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May 22, 2009

Be bold at the beach with shape-friendly suits

Shahzad Ahsan / The Chicago Maroon

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Shahzad Ahsan / The Chicago Maroon
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Shahzad Ahsan / The Chicago Maroon
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Shahzad Ahsan / The Chicago Maroon
Summer is not a good season to be a tabloid junkie. While I love gobbling up all the gossip about Brangelina’s ever-expanding brood, I could do without the dozens of glossy pages depicting the best and worst “beach bodies.” Everybody and every body gets panned, from the too slender (Whitney Port) to the too rotund (Angelica Huston, who is still svelte at almost-sixty).

This week, Star harassed everyone who bared it on the beach, from waif-like reality star Whitney Port to super-muscular tennis star Serena Williams. When even the most toned bodies are being criticized for the smallest patch of cellulite, it’s tempting to keep my much-more-ample figure fully clothed. But the size and shape of your body matters a lot less than the size and shape of your suit. If you pick a suit that suits your body, there’s no reason not to feel comfortable on the beach this summer.

Even if you’re years out of high school, go nostalgic and order a suit from Delia’s, the teen emporium. The catalog-and-web site company offers a wide variety of suits for diverse body types. Mix-and-match suits allow you to go skimpy on the bottom and supportive on top. Tall girls can pick out pretty suits made to fit long torsos. Best of all, most styles come in sizes XS–XL. After a traumatic top-losing incident a few summers ago, I am a proponent of one-piece styles. This year, I’m hoping to get the Black-and-White Boy Short One-Piece, which is a halter-top suit with a built-in shelf bra and modest leg line ($44). The classic silhouette reminds me of iconic twentieth-century glamazons like Marilyn Monroe. It’s playful and sexy and provides enough coverage to make me feel comfortable.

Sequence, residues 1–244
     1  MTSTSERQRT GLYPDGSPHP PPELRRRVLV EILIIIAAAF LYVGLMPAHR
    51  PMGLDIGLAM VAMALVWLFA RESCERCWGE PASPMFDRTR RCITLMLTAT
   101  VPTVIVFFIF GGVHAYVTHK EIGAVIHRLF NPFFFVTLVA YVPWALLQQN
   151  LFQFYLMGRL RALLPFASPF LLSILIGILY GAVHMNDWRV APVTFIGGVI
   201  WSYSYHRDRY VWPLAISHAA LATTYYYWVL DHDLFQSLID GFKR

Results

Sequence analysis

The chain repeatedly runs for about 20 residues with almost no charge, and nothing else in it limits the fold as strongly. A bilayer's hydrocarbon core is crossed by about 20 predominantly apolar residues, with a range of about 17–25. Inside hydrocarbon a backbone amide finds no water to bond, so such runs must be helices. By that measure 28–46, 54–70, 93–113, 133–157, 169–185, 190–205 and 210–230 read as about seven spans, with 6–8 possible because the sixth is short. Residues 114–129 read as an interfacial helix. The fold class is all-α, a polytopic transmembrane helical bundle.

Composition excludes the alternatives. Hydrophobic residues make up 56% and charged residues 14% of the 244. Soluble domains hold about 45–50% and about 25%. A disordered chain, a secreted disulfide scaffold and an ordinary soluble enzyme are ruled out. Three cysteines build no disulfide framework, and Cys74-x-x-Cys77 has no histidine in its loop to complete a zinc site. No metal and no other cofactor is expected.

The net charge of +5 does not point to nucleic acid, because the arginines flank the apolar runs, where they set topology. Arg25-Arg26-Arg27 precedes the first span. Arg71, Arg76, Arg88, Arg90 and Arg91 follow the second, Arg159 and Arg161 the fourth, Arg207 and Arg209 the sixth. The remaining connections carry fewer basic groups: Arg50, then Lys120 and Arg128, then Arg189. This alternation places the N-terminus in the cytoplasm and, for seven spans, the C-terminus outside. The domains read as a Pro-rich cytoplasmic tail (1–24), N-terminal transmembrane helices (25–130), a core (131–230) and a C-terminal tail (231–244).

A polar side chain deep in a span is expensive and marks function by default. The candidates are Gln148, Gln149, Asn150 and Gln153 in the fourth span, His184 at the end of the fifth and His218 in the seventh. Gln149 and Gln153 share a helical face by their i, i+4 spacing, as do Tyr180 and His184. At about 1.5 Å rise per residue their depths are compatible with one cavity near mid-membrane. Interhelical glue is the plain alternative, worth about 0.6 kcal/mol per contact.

Victoria’s Secret also sells sexy swimwear, and despite its reputation for catering only to bodacious beauties, anybody can be beach-ready in one of their numerous cuts of swimsuits. In addition to barely-there bikinis, the company makes tankinis, one-pieces, and monokinis (cut-out one-pieces). Busty bathers can get all the coverage they need in tops in D–DD. Modest, slimming one-pieces are stylish with ruching detailing. Bikini sets start at $29, and mix-and-match separates start at $15.

For high-end beachwear, fashionistas head to Everything But Water, a one-stop swim shop that features suits by eminent clothing labels like Betsey Johnson, Kenneth Cole, and Michael Kors. The suits come in figure-flattering cuts like boy-cut and skirted bottoms for those who would rather keep their lower body under wraps. One-piece styles even come in boat-neck versions, which elongate short torsos or hide upper-body stretch marks. While I don’t think anyone should be encouraged to hide their (highly subjective) physical “flaws,” I commend these brands for making suits intended to make women feel most comfortable.

If you’re not excited to bare all on the beach, another alternative is to throw on a cute cover-up. Beachwear doesn’t have to consist of big, bleached T-shirts. J.Crew has an entire line devoted to cute beach cover-ups that can go from shore to store. Light-colored linen pants are lightweight and crisp, and when paired with a black cami, chunky wooden necklace, and simple leather sandals, are effortless and elegant ($48). Forever 21 has cheap and chic maxi dresses in batik prints adorned with beads, which capitalize on the safari trend ($18–$24).

I wish I could bring myself to put the tabloids away until fall, but I won’t—what if Brangelina adopts another baby in the interim? Instead, I’ll try to ignore all of the body-snarking (honestly, I dream of looking as great as Angelica Huston at 57), and remember that a body-conscious swimsuit can make any day a trip to the beach.